The Honorable Court is not convinced that there was unlawful aggression on the part of the victim. The alleged robbery appears to have not been committed at all. When the sister of the accused, Beatriz Colcol, testified as to the commission of the robbery, the Honorable Court noticed that she was very nervous and was fidgeting on her seat. She stuttered and stammered in giving her answers. There were many instances when she gave long pauses before answering a question. Sometimes she does (sic) not give an answer at all. Beatriz Colcol appears not to have personal knowledge of the circumstances of the alleged robbery which leads this Court to conclude that the whole case of robbery was (sic) but a part of the defense concocted and prepared to justify the shooting of the victim. The Court could only conclude after observing the demeanor of the witness Betty Colcol that there was no such robbery at all.

Robbery was far fetch (sic) to happen at such an hour of the evening. The robbery allegedly took place in the store of Betty Colcol which is located under the house of the father of Betty. The time is (sic) still early. There were other stores and houses nearby and the people are (sic) still awake. Furthermore, there is no evidence that only Betty was in the house at the time of the alleged robbery. What is logical is that at that hour, the people living in the house where the store was located are (sic) already at home. In fact, Adelaida F. Dulay, arrived at the house of the accused, there were many in the house such as Rodolfo Colcol, Roman Tavas, Arturo Tavas and others whose names she could not recall. It is against logic and reason that a man would attempt a holdup under such condition.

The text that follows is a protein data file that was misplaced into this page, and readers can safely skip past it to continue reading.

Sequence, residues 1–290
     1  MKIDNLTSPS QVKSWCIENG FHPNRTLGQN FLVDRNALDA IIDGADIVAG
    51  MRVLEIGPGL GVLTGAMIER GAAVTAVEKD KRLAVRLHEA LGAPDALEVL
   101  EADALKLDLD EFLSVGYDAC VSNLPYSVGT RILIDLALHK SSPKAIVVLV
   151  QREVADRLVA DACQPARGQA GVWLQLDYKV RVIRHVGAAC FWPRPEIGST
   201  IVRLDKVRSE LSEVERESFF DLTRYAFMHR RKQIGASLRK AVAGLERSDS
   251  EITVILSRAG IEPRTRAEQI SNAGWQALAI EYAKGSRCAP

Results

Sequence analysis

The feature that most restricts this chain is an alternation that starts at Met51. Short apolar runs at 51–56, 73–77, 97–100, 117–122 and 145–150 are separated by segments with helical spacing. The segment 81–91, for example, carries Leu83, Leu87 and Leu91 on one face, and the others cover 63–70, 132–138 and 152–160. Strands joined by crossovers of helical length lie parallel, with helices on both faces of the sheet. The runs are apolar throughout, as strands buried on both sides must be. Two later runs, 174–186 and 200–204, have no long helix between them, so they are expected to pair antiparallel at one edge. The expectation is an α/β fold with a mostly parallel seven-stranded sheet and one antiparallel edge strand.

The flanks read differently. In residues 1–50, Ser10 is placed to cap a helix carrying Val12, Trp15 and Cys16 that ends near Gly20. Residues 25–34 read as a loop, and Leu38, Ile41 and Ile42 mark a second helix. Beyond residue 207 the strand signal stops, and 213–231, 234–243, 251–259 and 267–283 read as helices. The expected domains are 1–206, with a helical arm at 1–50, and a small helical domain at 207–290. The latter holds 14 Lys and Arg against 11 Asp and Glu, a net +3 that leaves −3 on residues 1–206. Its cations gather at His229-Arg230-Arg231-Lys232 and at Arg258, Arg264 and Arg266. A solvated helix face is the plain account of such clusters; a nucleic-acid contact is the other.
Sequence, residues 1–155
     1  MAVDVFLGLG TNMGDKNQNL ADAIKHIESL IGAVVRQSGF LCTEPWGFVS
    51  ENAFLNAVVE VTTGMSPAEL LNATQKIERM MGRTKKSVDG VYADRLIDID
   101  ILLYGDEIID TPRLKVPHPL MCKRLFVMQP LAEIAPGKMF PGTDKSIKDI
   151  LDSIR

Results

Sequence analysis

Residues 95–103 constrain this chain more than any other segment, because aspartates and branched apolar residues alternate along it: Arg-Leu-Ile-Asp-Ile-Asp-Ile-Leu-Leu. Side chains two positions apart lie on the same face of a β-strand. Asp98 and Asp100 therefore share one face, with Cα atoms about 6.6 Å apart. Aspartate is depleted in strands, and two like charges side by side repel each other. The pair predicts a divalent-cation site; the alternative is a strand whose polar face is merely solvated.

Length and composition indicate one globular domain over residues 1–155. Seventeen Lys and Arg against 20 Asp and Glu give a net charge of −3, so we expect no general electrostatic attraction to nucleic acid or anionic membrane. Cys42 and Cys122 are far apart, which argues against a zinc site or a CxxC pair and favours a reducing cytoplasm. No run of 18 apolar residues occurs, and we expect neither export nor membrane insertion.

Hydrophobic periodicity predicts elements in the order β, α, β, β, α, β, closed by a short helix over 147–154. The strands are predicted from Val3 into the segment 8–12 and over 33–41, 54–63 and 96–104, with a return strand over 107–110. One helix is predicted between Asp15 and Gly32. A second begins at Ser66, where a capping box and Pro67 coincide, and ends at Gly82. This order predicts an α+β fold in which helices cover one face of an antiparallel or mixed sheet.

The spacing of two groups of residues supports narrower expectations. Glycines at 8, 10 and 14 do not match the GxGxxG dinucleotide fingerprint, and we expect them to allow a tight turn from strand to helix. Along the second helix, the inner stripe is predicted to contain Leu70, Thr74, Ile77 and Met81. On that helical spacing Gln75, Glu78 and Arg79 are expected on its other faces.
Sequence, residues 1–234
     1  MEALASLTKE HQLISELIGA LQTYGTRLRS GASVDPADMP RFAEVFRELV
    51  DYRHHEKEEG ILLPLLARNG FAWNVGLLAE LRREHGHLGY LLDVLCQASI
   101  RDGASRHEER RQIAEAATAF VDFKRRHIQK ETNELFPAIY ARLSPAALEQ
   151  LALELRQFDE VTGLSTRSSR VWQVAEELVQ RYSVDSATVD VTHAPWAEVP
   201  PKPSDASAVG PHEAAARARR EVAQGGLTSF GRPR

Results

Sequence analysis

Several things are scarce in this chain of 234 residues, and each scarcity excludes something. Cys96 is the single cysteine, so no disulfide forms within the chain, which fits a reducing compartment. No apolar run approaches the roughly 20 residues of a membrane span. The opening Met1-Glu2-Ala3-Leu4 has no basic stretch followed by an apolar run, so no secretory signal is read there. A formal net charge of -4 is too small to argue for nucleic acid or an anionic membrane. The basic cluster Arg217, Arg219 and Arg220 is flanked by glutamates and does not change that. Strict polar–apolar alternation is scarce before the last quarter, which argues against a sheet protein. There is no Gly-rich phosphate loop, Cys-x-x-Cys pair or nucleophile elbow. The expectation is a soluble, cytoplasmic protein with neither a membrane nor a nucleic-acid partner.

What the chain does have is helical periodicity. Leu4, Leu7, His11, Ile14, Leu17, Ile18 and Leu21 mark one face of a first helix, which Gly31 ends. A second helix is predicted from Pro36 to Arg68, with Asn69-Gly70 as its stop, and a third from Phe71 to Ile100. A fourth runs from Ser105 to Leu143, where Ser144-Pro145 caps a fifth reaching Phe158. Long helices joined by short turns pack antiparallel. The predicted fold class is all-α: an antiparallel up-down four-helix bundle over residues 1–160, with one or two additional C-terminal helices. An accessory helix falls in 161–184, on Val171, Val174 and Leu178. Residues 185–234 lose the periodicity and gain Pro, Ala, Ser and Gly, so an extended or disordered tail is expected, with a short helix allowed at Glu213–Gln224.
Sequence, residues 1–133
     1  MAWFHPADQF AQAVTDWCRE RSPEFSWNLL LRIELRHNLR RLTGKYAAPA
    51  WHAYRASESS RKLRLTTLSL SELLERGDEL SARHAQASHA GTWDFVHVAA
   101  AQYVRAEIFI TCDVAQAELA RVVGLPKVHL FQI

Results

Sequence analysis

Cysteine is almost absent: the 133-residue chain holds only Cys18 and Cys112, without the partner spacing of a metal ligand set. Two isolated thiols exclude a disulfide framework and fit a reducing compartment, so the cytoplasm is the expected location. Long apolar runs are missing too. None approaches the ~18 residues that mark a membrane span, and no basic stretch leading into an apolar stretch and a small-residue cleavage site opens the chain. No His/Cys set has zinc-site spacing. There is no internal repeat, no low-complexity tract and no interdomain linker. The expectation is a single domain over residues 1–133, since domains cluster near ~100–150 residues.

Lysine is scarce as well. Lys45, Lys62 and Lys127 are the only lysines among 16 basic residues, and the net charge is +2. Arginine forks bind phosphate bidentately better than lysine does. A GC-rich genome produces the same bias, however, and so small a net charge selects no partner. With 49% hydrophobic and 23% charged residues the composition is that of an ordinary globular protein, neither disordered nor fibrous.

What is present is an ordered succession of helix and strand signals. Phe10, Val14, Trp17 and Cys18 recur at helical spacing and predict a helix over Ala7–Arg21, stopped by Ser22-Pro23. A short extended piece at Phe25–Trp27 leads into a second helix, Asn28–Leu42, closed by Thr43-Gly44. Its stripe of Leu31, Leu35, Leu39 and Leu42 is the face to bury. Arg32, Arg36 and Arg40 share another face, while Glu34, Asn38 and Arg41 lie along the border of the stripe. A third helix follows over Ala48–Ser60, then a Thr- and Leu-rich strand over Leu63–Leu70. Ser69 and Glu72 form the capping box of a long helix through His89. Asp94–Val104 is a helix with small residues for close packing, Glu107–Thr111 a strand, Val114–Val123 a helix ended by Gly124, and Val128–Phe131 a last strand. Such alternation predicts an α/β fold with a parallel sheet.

The Honorable Court is convinced that there was no robbery or hold-up. If indeed there was one, the first thing which the accused or his family should have done was to report the alleged hold-up, at least to the barangay officials and later to the police. If it was true that there was a robbery, it would appear that the accused was able to apprehend the holdupper when he fired on the victim. Had he reported the incident to the barangay officials who lived nearby then they could have recovered the alleged bolo used by the victim to allegedly holdup Betty Colcol. They could have also recovered the alleged P2,000.00 in bills and P25.00 in coins from the pocket of the alleged holdupper because Betty Colcol testified that the holdupper pocketed the money after scooping it. Thus, aside from proving that there was a hold-up, then the accused would have been hailed by all as a hero who single-handedly prevented a holdup to happen as well as single-handedly subdued and then captured the holdupper.

But what did the accused and his family do? Instead of apprehending the alleged holdupper, they did not report the alleged holdup to the police. When the sister of the victim, Adorada Dulay, arrived the accused and his father and uncle were blaming the accused and calling him a trespasser and a robber. They should have arrested or apprehended the victim/holdupper right then and there and brought him to the hospital to be dealt with later by the authorities. Had they done so, they could have shown the bolo right away as well as the money in the pocket of the victim.